Phil Carlson, AP
In this photo taken June 11, 2014 in Nauvoo, Ill. Architect Paul DeBarthe, right, talks with volunteer digger Nick Mainz as Mainz works to uncover the foundation of the possible location of a home built for the one-time patriarch of the Church of Jesus Christ of Latter-day Saints, Joseph Smith Sr. and his wife Lucy Mack. Searchers for the one-time dwelling of the parents of Joseph Smith, the founder of the Mormon church — have uncovered what appears to be a structural support for the house that research indicates was a double log cabin. They've also found a small house key, along with thousands of bits of pottery, window glass, metal and buttons. (AP Photo/The Quincy Herald-Whig, Phil Carlson)
NAUVOO, Ill. (AP) — An archaeological dig is underway in a tiny western Illinois community for the possible location of a home built for the one-time patriarch of The Church of Jesus Christ of Latter-day Saints.
Searchers for the one-time dwelling of Joseph Smith Sr. and wife Lucy Mack — parents of Joseph Smith, the founder of the Mormon church — have uncovered what appears to be a structural support for the house that research indicates was a double log cabin, the Quincy Herald-Whig reported.
They've also found a small house key, along with thousands of bits of pottery, window glass, metal and buttons.
Those discoveries by volunteers over the past three years suggest that the site being sought is just south of the historic Joseph and Emma Smith Mansion House in 1,100-resident Nauvoo (nah-VOO') in Hancock County.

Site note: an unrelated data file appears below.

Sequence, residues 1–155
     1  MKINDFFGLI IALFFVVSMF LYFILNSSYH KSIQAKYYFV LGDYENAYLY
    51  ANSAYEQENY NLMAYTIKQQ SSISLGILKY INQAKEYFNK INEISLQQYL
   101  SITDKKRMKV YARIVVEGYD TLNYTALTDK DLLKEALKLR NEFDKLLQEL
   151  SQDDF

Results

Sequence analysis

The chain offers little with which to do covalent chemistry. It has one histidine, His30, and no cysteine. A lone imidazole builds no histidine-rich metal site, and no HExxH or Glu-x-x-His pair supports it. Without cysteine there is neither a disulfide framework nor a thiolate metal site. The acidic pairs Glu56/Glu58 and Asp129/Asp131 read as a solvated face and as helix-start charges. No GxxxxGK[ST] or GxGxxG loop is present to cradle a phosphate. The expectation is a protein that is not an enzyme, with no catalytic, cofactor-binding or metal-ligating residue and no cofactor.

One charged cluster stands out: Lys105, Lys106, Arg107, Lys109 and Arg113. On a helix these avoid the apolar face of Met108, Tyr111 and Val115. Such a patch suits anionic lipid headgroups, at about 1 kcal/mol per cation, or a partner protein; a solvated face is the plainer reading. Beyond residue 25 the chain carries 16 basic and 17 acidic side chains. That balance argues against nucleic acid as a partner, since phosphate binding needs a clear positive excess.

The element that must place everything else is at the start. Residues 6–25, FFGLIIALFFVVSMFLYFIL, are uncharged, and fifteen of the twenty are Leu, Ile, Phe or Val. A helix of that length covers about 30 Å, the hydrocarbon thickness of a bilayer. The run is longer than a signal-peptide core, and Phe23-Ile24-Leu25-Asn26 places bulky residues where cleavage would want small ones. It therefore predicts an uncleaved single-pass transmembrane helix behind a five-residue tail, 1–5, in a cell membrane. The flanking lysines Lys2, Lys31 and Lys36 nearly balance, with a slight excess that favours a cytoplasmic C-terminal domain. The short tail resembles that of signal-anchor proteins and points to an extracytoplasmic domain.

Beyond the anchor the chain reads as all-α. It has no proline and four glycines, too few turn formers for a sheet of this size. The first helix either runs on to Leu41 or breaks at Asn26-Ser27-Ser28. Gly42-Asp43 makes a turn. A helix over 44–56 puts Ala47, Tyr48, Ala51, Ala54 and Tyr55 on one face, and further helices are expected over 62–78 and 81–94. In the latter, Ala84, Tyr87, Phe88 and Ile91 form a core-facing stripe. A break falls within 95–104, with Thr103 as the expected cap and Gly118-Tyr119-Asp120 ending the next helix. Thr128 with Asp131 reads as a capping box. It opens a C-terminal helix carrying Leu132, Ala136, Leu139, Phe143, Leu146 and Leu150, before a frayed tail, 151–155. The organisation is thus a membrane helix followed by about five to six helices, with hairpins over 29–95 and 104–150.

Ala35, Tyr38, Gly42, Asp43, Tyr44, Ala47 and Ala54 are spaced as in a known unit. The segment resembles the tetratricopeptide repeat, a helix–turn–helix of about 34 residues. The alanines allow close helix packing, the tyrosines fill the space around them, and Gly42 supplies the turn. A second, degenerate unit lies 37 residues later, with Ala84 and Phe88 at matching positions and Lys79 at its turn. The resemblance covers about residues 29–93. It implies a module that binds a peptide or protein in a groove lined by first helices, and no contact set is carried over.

"This is a special spot," Bob Smith, a descendant, told the newspaper of the possible location of Joseph Smith Sr.'s home where archaeologists have unearthed a breezeway that Joseph Smith Jr. once linked with that of his father. "We found walkway all along here. You can see remnants."
"To discover, preserve and share. That's what we're about," Smith added of the search for the former digs of the elder Smith, who died in 1840. "Religion doesn't matter."
As part of the archaeological team headed by Paul DeBarthe, whose digging around Nauvoo dates to 1971, recent Utah State University graduate Michelle Murri called the work "a perfect opportunity to visit (Nauvoo) and get some professional experience."
"It's taught me a lot about the history of Nauvoo and my own family history, and it's also taught me a lot of skills that I can use in my further archaeology jobs," said Murri, of LeVerkin, Utah.
"Any time you can touch something, it just makes you more aware of history," added Synthia DeBarthe, another longtime volunteer. "It gets into your heart and your soul, and you never forget it."